In 2007, Shoaib Mansoor released his debut film Khuda Kay Liye which brought back the audiences to Pakistani cinema. The film released on 7th July 2007, which surprise, was not Eid but shockingly that film turned out to be the biggest money-spinner since 1998’s Choorian. 4 years later another landmark for Pakistani cinema came out in the form of Bol which released on 24th June 2011 and clocked a grand total of around 12 crores despite not releasing on Eid.
Shocked? There’s more. Another wake-up jolt to the industry was delivered 2 years ago in the form of Teefa in Trouble which managed to gross well over 30 crores despite not releasing on Eid. The question here remains for all stalwarts of our industry that how did these movies even work since they were not Eid releases? Forget for now the fact that they were all blockbusters for their times!
The perfect date?
Over the years we have seen every production house in Pakistan prefers to lock the Eid release date before anything else, even the script, is finalized. Audience and exhibitors crave good movies all throughout the year, but the situation is such that cinemas have had to rely on television dramas during the rest of the year to earn some money. And when they turn out to take a monstrous opening, as witnessed for Meray Paas Tum Ho’s finale, it is nothing short of an embarrassment for the film industry which wants to adhere quite maniacally to its Eid-release mantra.
While it makes sense for weak content and filmmakers to take advantage of the holiday period, filmmakers and actors with solid box office credentials and projects with hype should have nothing to fear when it comes to releasing films on non-Eid dates. However, such is the state of affairs that no one really makes an effort to announce that they are thinking of an Eid release, it is simply to be presumed. Whether it be a recently released teaser of a film or a project which just got cleared by the censors or the big superstar’s next grand production — we take it as a given that practically all these films will come on one of the Eids this year.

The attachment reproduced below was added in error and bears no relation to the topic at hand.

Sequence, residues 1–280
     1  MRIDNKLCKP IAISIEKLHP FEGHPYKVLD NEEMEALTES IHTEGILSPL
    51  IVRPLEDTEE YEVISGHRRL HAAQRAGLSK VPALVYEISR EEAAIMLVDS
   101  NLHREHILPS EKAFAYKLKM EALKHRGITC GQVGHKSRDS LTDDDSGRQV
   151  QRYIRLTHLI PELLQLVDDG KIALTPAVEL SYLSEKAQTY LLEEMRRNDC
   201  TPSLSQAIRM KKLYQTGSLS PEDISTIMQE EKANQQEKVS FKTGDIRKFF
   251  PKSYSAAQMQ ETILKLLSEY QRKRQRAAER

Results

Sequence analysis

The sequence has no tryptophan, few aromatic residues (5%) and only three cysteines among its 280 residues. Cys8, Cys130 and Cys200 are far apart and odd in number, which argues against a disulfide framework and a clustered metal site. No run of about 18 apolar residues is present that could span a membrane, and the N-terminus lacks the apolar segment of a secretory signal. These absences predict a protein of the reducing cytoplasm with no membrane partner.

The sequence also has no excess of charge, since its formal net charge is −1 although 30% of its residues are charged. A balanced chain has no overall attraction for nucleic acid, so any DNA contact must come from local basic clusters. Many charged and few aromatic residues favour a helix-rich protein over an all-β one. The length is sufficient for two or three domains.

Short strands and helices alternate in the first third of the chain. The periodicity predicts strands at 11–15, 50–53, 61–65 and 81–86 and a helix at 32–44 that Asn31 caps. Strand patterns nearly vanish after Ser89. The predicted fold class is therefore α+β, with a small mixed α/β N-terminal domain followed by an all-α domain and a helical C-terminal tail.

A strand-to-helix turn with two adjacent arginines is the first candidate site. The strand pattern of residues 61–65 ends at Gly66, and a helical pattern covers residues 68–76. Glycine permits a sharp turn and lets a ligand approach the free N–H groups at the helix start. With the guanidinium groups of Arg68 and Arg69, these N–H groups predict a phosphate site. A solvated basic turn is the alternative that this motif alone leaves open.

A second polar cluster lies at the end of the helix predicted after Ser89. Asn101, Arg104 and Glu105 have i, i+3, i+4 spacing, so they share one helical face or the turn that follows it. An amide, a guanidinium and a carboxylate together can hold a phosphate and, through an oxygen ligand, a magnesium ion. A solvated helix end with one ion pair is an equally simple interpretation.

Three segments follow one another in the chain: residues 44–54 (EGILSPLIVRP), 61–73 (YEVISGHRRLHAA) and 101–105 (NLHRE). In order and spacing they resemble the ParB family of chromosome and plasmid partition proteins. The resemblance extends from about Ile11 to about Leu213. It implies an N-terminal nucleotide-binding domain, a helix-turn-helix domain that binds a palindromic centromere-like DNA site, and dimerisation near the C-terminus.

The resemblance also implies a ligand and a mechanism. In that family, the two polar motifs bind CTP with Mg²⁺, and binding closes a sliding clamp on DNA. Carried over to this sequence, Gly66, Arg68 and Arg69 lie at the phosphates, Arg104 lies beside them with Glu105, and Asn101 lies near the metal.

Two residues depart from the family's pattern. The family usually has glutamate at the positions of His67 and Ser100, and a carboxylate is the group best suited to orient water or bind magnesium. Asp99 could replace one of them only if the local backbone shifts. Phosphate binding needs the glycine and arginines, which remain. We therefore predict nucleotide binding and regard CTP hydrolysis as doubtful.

Even if only one may have formally announced, we know the rest will follow like a hoard of flies to all that mithai on Eid.
The craze is contagious
Though films in Pakistan have always enjoyed a good opening on Eid, the craze on part of filmmakers to release their pet-project on the date is a somewhat recent phenomenon. Believe it or not, certain stars and filmmakers have actually marked the holiday as an exclusive release date for their projects. Why? Well, because they have always done so, year after year, so now they quite literally own it. The trend gained some prominence across the border when their stars like Salman Khan started to release films on Eid, and now even there, it’s sort of has become the default release date for many. Talk about catching the virus.
Although, Bollywood is small potatoes really given that the grand-daddy of all film industries, Hollywood is now jumping on to the Eid bandwagon, too. Guess what, Vin Diesel with Fast & Furious 9 has exclusively chosen Eid as his release date — so why are we even questioning our heroes and producers? Business decisions are more important than art because that is how it works one cannot use exceptions like Bol or Teefa in Trouble to justify non-holiday release.
Cinemas perhaps can accommodate the Eid craze by running 3 month-long extended Eid-only shows, and close the theaters during the remaining period. Given that we produce about 20-25 films every year, 10 or more films can be accommodated with ease for each holiday, even if that means a single 4 AM show for a non-starrer – I mean, hey, who cares, it’s still Eid!
We urge the Government of Pakistan that along with the national sport, national flower and national animal, a category also be created for national film kabaddi day – errr, we mean a national film-release day i.e. Eid-ul-Fitr and Eid-ul-Azha, where practically all the filmmakers can showcase their projects without getting into the usual dangal which precedes each Eid.
With the measure in place, getting your film that coveted Eid-ul-Azha slot will finally end up being less trouble than getting that darned bakra on Chand Raat.
To all our readers, looking forward to seeing you at the movies on Eid-ul-Fitr and Eid-ul-Azha! Until then Netflix and chill.
Note from the editor: In case you were wondering, this article is at least in-part satire.